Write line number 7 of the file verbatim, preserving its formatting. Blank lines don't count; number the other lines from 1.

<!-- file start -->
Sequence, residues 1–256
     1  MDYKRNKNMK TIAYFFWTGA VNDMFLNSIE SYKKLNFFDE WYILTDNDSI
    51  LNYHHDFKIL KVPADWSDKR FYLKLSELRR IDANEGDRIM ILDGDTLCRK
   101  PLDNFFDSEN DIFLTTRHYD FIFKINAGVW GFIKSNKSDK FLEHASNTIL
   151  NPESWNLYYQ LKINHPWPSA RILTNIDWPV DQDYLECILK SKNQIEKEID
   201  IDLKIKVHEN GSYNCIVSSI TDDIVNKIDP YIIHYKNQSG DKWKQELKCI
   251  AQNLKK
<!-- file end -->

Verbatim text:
   251  AQNLKK